The central bank of Iceland has opted not to change the country’s primary interest rate. Sedlabanki officials announced that the seven-day collateralised lending rate would remain at six per cent while account rates would stay at seven per cent. Likewise, the rate for overnight lending remained at seven per cent and the 5.75 per cent maximum will remain unchanged for 28-day certificates of deposit.
The bank said that current conditions and inflation have been on target with last month’s forecast, noting that the North Atlantic nation’s currency has remained largely stable.
The statement read, “The accommodative monetary stance has supported the economic recovery in the recent term. The rise in interest rates since August 2011 and the decline in inflation have withdrawn a considerable amount of that accommodation,” the RTT News agency reports.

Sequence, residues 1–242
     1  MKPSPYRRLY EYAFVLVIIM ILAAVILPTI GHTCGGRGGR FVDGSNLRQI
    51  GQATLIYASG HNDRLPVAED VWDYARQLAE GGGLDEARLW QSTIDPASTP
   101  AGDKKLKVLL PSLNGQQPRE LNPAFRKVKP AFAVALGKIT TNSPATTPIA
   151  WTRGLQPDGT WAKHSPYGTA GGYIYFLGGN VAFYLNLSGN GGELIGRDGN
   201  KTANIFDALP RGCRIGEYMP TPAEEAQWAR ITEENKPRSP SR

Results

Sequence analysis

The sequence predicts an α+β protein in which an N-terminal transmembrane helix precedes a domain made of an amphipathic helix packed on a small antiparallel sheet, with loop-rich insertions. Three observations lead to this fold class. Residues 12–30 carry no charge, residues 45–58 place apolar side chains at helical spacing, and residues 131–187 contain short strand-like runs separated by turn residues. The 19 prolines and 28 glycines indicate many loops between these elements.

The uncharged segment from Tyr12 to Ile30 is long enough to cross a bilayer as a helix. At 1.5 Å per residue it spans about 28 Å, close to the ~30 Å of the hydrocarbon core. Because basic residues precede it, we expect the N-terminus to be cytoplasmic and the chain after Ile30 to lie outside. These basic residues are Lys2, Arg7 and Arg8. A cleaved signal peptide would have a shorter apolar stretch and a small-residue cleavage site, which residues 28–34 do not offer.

It added, “Whether the Bank’s nominal interest rates remain unchanged in the near term will depend, among other things, on whether the outcome of the forthcoming wage settlement review at the beginning of next year is consistent with inflation declining to the target.”